Derived From:BStreamingGameSound
Mix-in Classes:
Declared In:game/FileGameSound.h
Allocation:Constructor only
Class Overview

Constructor and Destructor


BFileGameSound(const entry_ref* inFile,
               bool looping = true,
               BGameSoundDevice* device = NULL);
BFileGameSound(const char* inFile,
               bool looping = true,
               BGameSoundDevice* device = NULL);

Prepares the object to play the specified sound file, which can be specified either by entry_ref or pathname in the inFile argument.

If the looping flag is true (which it is by default), the sound automatically loops back to the beginning and replays when the end of the sound is reached. This is useful for easily playing background music (for example).

In both cases, device specifies the sound device that should be used for playing the sound; NULL uses the default sound player.


Currently, device must always be NULL.

After instantiating the BFileGameSound object, you should call InitCheck() to determine whether or not the sound was successfully created.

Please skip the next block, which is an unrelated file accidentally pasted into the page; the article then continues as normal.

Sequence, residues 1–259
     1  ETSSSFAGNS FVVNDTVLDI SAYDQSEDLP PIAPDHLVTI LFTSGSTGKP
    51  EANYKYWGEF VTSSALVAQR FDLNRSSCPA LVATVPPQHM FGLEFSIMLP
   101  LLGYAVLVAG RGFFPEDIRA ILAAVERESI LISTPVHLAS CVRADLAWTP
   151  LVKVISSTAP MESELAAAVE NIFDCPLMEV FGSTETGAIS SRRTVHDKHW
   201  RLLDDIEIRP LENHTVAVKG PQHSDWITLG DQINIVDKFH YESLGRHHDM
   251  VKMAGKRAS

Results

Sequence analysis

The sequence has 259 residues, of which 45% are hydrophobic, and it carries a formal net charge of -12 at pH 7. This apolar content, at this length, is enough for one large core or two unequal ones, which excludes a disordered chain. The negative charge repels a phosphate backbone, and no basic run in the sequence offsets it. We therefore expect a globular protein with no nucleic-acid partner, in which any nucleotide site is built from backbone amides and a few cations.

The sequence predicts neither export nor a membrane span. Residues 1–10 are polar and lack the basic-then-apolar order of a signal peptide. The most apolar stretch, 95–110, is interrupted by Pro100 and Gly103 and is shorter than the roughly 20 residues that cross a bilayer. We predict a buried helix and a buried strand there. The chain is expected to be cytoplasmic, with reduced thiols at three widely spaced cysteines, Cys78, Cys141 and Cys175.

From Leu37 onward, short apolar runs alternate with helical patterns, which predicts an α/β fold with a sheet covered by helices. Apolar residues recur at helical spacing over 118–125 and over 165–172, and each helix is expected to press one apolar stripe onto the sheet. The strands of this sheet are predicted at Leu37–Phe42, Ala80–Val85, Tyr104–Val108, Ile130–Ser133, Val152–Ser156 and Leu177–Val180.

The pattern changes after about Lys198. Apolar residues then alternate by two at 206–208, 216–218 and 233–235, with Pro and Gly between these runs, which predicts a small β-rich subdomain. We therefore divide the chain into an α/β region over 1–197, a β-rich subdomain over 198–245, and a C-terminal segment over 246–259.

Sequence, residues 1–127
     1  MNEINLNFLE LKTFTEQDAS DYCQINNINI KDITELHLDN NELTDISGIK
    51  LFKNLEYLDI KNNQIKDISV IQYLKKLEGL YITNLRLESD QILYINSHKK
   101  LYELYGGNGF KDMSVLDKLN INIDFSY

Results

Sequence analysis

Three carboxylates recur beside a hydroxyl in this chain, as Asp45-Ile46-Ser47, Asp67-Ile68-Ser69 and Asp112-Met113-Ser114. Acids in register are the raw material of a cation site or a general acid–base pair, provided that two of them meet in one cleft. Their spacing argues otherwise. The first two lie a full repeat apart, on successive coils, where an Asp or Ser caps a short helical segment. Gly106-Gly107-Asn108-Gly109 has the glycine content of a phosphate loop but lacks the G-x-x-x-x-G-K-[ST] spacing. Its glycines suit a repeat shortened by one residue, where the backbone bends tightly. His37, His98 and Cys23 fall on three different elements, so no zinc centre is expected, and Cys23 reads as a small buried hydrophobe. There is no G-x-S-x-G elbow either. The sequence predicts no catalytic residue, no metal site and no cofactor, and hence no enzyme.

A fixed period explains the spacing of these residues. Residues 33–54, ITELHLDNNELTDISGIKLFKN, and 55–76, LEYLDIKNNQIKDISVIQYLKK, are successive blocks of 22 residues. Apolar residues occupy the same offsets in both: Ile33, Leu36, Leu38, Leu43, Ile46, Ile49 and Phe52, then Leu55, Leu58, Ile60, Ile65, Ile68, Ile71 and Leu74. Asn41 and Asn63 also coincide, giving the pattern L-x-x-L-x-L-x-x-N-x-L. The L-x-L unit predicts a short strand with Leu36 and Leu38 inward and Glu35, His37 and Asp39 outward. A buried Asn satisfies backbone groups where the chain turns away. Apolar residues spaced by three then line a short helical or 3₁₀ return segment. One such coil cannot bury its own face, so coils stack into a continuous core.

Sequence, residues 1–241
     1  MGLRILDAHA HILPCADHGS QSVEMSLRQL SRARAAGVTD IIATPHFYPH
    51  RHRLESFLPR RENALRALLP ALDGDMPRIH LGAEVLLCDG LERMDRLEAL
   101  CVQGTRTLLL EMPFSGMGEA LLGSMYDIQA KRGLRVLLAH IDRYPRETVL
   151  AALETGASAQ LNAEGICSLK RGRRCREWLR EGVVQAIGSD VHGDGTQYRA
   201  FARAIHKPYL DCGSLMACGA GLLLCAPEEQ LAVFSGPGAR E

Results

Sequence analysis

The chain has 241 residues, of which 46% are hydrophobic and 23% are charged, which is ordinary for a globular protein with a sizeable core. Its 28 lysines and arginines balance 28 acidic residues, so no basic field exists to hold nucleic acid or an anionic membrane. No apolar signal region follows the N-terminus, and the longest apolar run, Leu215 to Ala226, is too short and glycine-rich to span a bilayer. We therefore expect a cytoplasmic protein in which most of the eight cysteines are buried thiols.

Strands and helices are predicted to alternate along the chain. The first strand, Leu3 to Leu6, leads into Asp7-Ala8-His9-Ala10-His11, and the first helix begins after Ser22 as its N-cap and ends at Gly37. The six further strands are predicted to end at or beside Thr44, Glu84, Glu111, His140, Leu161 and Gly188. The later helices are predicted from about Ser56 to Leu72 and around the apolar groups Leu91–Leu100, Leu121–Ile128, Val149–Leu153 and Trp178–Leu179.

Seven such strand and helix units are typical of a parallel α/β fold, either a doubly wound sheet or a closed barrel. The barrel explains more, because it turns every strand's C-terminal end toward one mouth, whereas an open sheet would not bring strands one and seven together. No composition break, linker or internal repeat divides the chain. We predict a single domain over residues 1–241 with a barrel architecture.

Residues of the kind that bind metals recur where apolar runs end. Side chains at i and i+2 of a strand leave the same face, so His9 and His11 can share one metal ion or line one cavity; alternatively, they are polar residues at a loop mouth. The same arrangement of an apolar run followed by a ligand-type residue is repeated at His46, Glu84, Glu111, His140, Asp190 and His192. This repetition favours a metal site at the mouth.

virtual ~BFileGameSound();

A typical destructor.

Member Functions


status_t InitCheck() const;

Returns a status_t indicating whether or not the object was successfully instantiated.

Return CodeDescription


The sound was successfully initialized.


Unable to create a sound player.


Can't get enough memory to preload the sound.

Other errors.

The sound player may return errors.


status_t Preload();

Preload() preloads enough of the sound file into memory that starting playback of the sound won't cuase a delay while the first chunk of data is fetched from disk.

Return CodeDescription


Preloading was successful.

Port errors.

Unable to communicate with the streaming sound port.

SetPaused(), IsPaused()

status_t SetPaused(bool isPaused,
                   bigtime_t rampTime);
int32 IsPaused();

SetPaused() pauses if isPaused is true, and unpauses if isPaused is false. If rampTime is nonzero, the sound ramps up to speed (or down to stopped) instead of instantly changing state. The number of microseconds specified by rampTime indicates how long the change should take to complete.

IsPaused() returns value indicating whether or not the sound is paused, or if a pause is in process of being initiated (if ramping is underway). The result is one of these values:



The sound is playing normally.


The sound is ramping toward or away from a paused state.


The sound is paused.

Because these constants are members of the BFileGameSound class, be sure to refer to them as BFileGameSound::B_NOT_PAUSED and so forth.

Return CodeDescription


The pause occurred without error.


The sound is already in the requested state.

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